From Ravi Austin
through the universe
each space, each planet, each time
Matcha & me
From Siddiq Hans von Briesen
WE are found objects
Washed ashore in the sea of life
Grateful to be alive.
From Deborah MN
Awe, the change of seasons, tea, remarkable and humbling
32 degrees today, a foot of snow last week, melting and icy this week,
awesomeness to tea
From William Singleton
Is this Thing/Object/Place animate or inanimate?/Alive or Dead?
What is your Time-Frame? Mind-set? Cosmology?
There in lies your answer.
From Karen Higgins
not really a poem but a thought.
Thrift Store…The library of lost things?
Or a treasure trove of found objects.
From Lesley Maclean
a reversing car reveals
a perfect shard
the urn itself reversed
now a platform for the guest to receive their sweet
From Sakina von Briesen
sea shells become sandstone
heated it becomes marble
we make dinner on our stone countertop
by our sea shells
From Kim C
time and space
tea with friends
the soft red silk
the ringtones of earth bowl soon to be glazed
the merging of the water drops
and the thousand earth turnings
in a tea whisk
From Karima Terry Forman
“tending what we know needs our care,”
a small way to give rather than take away.
welcoming sunshine & caressing breeze
informs this moment of all there is.
The tea is gone, the taste remains,
An excerpt from the book Lost & Found by Kathryn Schulz (Kathy’s offering):
That is all we have, this moment with the world. It will not last, because nothing lasts.
Entropy, mortality, extinction: the entire plan of the universe consists of losing, and no matte how much we find along the way, life amounts to a reverse savings account in which we are eventually robbed of everything. Our dreams and plans and jobs and knees and backs and memories; the keys to the house, the keys to the car, the keys to the kingdom, the kingdom itself: sooner or later, all of it drifts into the Valley of Lost Things.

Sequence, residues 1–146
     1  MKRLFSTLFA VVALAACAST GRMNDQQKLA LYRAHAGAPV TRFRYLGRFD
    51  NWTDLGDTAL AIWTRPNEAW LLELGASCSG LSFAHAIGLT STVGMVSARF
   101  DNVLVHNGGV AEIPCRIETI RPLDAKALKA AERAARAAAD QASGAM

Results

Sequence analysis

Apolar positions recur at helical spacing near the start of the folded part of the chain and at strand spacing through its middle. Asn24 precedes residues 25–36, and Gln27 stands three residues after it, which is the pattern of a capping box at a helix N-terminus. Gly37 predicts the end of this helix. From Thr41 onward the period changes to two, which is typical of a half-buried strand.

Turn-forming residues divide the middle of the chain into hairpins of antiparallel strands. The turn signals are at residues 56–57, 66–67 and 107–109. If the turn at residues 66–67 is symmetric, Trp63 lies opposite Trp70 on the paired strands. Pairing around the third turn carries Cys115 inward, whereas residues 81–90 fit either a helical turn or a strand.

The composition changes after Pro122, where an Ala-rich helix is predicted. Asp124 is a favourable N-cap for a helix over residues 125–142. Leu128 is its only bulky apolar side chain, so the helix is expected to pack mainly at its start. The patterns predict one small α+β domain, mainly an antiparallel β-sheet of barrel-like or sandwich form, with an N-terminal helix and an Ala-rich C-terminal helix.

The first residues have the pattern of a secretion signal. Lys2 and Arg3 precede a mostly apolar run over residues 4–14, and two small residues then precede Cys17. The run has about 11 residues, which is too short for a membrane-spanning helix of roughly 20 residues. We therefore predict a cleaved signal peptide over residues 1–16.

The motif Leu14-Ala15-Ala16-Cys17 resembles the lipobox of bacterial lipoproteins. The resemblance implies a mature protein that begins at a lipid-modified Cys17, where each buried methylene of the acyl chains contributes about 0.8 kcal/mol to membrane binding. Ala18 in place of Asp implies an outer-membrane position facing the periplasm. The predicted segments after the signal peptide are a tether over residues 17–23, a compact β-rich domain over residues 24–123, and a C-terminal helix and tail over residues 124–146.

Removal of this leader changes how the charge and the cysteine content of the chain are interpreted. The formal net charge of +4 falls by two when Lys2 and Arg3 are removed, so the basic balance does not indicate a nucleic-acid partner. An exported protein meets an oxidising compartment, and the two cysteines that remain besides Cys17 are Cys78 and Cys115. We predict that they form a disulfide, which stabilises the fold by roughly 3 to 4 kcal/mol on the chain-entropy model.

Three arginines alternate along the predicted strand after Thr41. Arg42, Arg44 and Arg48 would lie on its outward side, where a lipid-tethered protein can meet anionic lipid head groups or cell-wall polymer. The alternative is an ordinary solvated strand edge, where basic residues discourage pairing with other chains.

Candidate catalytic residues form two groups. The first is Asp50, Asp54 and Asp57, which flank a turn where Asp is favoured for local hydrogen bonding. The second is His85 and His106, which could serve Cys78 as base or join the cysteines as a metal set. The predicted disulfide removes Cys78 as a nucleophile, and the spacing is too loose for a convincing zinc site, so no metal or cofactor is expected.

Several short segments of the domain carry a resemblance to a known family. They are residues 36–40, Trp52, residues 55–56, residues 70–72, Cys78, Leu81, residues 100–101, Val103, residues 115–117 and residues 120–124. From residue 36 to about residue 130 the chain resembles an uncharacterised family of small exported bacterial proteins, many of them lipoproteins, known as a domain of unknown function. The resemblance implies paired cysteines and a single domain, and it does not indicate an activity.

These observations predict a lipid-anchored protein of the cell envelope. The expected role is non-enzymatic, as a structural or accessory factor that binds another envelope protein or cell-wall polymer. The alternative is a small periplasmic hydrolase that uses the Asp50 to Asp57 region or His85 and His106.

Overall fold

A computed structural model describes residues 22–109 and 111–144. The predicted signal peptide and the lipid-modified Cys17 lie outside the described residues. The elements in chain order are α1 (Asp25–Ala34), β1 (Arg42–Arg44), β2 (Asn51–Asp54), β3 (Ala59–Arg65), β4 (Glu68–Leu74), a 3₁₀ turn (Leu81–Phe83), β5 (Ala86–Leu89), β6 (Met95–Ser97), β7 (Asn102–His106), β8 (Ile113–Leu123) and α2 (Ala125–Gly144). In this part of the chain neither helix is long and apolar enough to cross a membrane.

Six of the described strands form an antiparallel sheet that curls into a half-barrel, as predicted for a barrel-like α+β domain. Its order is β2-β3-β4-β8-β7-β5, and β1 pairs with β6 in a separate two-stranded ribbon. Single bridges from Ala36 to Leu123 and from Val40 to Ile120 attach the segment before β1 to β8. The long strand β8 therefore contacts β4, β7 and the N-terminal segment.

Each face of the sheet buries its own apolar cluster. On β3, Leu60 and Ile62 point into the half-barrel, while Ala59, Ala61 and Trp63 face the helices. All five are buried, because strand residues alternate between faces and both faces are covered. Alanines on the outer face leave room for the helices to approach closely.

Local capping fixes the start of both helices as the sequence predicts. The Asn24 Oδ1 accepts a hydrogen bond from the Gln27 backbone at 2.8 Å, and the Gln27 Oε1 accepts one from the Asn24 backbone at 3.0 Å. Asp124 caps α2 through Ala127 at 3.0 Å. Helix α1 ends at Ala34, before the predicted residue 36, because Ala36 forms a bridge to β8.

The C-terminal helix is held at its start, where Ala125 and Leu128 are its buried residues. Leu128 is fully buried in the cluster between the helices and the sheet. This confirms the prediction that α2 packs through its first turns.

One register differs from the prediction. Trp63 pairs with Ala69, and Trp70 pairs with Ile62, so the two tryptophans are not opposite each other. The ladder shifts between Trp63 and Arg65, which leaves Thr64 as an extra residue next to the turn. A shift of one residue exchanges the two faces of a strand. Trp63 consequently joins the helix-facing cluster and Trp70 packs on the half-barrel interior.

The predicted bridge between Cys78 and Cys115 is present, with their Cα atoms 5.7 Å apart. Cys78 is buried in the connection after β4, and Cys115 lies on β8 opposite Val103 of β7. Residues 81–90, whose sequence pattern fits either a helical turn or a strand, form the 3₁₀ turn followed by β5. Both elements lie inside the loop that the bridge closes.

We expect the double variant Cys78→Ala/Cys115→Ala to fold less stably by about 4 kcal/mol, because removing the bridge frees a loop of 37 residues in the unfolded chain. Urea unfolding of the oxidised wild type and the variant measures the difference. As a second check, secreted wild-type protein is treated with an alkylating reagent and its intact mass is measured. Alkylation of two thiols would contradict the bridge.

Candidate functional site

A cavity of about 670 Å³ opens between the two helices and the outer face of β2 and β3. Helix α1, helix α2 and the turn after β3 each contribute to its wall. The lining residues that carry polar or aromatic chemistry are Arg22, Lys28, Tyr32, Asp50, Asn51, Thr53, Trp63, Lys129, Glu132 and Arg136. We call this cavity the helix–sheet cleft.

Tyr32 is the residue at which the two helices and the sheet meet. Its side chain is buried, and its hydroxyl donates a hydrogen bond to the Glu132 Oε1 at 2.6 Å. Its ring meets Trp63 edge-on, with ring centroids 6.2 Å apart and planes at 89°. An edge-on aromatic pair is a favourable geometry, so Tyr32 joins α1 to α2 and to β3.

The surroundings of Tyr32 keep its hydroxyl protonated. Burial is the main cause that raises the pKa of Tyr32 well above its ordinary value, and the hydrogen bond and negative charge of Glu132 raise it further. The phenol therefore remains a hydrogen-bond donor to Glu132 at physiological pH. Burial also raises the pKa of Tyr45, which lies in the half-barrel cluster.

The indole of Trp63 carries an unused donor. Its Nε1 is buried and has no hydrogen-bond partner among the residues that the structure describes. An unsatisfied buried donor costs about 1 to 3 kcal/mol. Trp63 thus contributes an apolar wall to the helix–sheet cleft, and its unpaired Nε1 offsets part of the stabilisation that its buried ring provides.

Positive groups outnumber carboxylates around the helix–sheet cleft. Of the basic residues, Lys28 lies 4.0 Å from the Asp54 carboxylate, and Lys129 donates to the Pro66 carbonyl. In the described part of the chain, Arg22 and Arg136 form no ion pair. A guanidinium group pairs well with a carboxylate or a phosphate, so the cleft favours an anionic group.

Nothing about that is strange or surprising; it is the fundamental, unalterable nature of things. The astonishment is all in the being here. It is the turtle in the pond, the thought in the mind, the falling star, the stranger on Main Street… To all of this, loss, which seems only to take away, adds its own kind of necessary contribution. No matter what goes missing, the object you need or the person you love, the lessons are always the same. Disappearance reminds us to notice, transience to cherish, fragility to defend.
Loss is a kind of external conscience, urging us to make better use of our finite days. Our crossing is a brief one, best spent bearing witness to all that we see: honoring what we find noble, tending what we know needs our care, recognizing that we are inseparably connected to all of it, including what is not yet upon us, including what is already gone. We are here to keep watch, not to keep.
Kathryn Schulz is a journalist & author. She is a staff writer at The New Yorker magazine, where she has written about everything from the legacy of an early Muslim immigrant in Wyoming, to the radical life of a civil rights activist, to Henry David Thoreau’s Walden, to brown marmorated stinkbugs. In 2016, she won the Pulitzer Prize for Feature Writing for her article on the risk of a major earthquake & tsunami in the Pacific Northwest.